Feline Formalities: Introducing A New Cat

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When adopting a new cat to add to an existing cat hierarchy, what is the best way to go about it? This is a question we often hear at Payson Humane Society. In many cases, it works to simply drop the cat into its new environment and let it work it out, especially if the new cat is a juvenile.

Introducing an adult cat into a home with other resident cats can take time, as much as a year, before acceptance is complete. The key to making it work is going about it slowly and patiently. Getting off on the right paw from the start will set the tone for the new relationship.

For the first week or so after a new cat is brought home, it should be kept in a separate, safe space, like a bedroom or a bathroom. The cats should be able to smell and hear each other, but not touch each other. Each cat should have its own food, water, litter box, bed, scratching post, etc. Try feeding the cats near the door that separates them so that they learn that coming together, even though they can't see each other, results in a pleasant experience. Give extra special treats, such as salmon, tuna, cheese or chicken liver, near the door. Encourage the cats to paw at a toy under the door or play "paws" under the door.

Like dogs, cats have a keen sense of smell. When they detect the scent of an "alien" cat in their domain, it sets them a bit on edge. It is recommended that a new cat and a resident cat be allowed to smell one another indirectly. This can be done by rubbing a towel on each one and letting them smell the other cat's scent from a safe distance. This way they get accustomed to each other slowly. After a few days, try switching the cats to the opposite side of the door so they can investigate each other's territory in an nonthreatening manner.

Soon it will be time to let the cats see each other through a screen door or a barely opened door. If this goes well, it may be time to let them mingle together under supervision. Bring them together after a meal on a full tummy when they are calm. Expect a little uneasiness, some normal hissy, fissy behavior. You might want to have a squirt bottle of water handy to squelch trouble. Do separate them if things go badly and start over.

It is very important to give each cat equal attention. Feed them both at the same time, give them both petting and playing time, and shower them with praise when they are being good kitties. A bit of extra attention to your resident cat can help cure potential insecurity!

We hope the following adoptable pets will tempt you to come in to our shelter at 812 S. McLane Road.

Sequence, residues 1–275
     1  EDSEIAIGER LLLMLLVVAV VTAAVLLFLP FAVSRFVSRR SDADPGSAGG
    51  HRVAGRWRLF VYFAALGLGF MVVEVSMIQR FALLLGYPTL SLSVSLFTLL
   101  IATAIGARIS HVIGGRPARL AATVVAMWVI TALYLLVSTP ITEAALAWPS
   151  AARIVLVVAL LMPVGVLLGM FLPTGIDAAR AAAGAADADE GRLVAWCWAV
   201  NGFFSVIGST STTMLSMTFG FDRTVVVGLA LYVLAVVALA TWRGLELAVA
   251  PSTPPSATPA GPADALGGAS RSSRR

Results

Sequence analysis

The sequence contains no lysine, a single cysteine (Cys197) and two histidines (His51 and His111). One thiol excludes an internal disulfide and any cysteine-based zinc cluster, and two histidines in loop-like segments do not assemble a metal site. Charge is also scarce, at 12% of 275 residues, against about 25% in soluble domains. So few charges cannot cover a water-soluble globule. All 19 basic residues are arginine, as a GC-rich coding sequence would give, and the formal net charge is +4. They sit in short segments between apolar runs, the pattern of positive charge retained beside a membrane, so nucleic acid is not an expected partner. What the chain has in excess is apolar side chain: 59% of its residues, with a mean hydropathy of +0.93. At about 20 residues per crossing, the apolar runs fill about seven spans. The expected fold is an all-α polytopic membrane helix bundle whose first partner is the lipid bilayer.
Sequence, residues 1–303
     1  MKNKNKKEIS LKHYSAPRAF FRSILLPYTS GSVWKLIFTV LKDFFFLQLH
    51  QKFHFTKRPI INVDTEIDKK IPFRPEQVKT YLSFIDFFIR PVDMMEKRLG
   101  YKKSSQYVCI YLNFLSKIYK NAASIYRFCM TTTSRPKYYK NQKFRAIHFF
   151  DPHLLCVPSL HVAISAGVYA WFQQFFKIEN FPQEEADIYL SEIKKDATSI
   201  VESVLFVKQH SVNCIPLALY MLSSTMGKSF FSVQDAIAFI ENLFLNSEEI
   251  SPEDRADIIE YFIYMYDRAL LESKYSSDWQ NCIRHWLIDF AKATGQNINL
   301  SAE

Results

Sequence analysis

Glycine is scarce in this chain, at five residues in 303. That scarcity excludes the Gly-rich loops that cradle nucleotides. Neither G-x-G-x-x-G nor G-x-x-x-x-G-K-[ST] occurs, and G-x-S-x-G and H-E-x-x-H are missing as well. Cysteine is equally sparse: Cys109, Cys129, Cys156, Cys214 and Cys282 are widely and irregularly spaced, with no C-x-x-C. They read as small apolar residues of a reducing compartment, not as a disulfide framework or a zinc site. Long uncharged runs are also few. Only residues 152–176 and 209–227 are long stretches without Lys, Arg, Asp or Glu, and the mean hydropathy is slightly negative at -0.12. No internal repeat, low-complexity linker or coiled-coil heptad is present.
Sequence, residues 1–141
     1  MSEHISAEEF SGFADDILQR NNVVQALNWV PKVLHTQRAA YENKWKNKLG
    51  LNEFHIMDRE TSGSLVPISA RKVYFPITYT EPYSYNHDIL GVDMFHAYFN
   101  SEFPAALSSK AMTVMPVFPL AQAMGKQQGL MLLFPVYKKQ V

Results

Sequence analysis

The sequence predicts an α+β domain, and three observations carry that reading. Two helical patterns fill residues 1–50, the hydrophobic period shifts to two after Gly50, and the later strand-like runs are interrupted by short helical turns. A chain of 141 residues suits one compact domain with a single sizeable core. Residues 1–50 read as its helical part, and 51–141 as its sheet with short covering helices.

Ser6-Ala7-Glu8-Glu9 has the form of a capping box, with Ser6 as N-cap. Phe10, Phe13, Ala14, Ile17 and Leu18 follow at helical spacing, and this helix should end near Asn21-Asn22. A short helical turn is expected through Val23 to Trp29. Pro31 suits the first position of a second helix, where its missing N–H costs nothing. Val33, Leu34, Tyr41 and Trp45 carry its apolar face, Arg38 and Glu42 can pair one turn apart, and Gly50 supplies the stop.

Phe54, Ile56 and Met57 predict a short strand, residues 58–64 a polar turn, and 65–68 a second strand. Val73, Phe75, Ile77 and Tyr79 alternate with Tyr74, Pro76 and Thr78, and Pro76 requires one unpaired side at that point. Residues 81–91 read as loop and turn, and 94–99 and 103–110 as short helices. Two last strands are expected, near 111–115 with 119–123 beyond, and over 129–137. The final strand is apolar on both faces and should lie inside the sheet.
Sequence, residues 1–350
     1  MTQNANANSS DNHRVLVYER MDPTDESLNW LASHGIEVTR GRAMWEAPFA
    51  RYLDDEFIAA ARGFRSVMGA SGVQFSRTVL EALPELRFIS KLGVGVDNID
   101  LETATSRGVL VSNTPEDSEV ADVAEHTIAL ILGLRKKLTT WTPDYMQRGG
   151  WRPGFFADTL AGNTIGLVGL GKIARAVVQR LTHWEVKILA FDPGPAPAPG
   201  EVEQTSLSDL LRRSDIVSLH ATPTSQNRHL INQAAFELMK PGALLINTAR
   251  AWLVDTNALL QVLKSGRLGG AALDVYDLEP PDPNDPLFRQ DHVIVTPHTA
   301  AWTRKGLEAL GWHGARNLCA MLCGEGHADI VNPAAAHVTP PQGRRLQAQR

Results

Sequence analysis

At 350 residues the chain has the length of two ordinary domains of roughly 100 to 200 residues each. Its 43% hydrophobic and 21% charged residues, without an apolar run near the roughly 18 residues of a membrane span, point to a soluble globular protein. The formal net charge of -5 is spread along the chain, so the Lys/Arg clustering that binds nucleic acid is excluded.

ROMEO

Romeo is a 1-year-old, neutered male pit bull terrier mix. His golden tan and white coat is clean-looking and soft to the touch.

He is a bit reserved when he first meets you, as though testing the waters, but once you have his confidence, he is a wonderful dog to work with. He walks like a show dog on leash and comes back when called.

He lives up to his lover boy name when he receives food and affection. Since he came to our shelter as a stray, we do not know what his background is, but we feel he holds promise of becoming a loyal, devoted companion.

EMILY

Emily is a precious little 4-month-old, spayed female border collie mix. She is just adorable with her soft, black coat and white trimmed paws, chest and tail tip.

Emmy will not get to be a very big dog, just the right size to put your arms around, and she is already easy to handle on leash. She has a bubbly, enthusiastic personality and enjoys scampering about in the play yard with other dogs.

She is a delight to have around and we feel she will make an ideal family pet. Hurry on in to see this sweetheart!

PUNKIN

Punkin is a graceful, 8-month-old, neutered male orange and white kitten. He is long, lanky and full of youthful curiosity.

Punkin gets along well with his kennel mates and loves to play with his toys and the other kittens. He likes to cuddle up with warm kitten buddies and snooze contentedly.

He is a handsome, loveable young feline fellow who will do best with a family with no young children.

ACE

Ace is a sleek, black, 2-year-old, neutered male cat. His yellow eyes sparkle with mystery, but as soon as you let him get close to your heart, he is warm as a summer breeze.

He is a gentle, sweet boy who loves a little attention, a warm lap and a room with a view.

MASON

Mason is a cute, 6-week-old, neutered male classic gray tabby cat. His stripes swirl around in a bulls-eye pattern on his sides, and he has white on his face and paws.

This kitten is so sweet and loving that the other kittens use him for a pillow to sleep on.

He will steal your heart faster than a mouse click!

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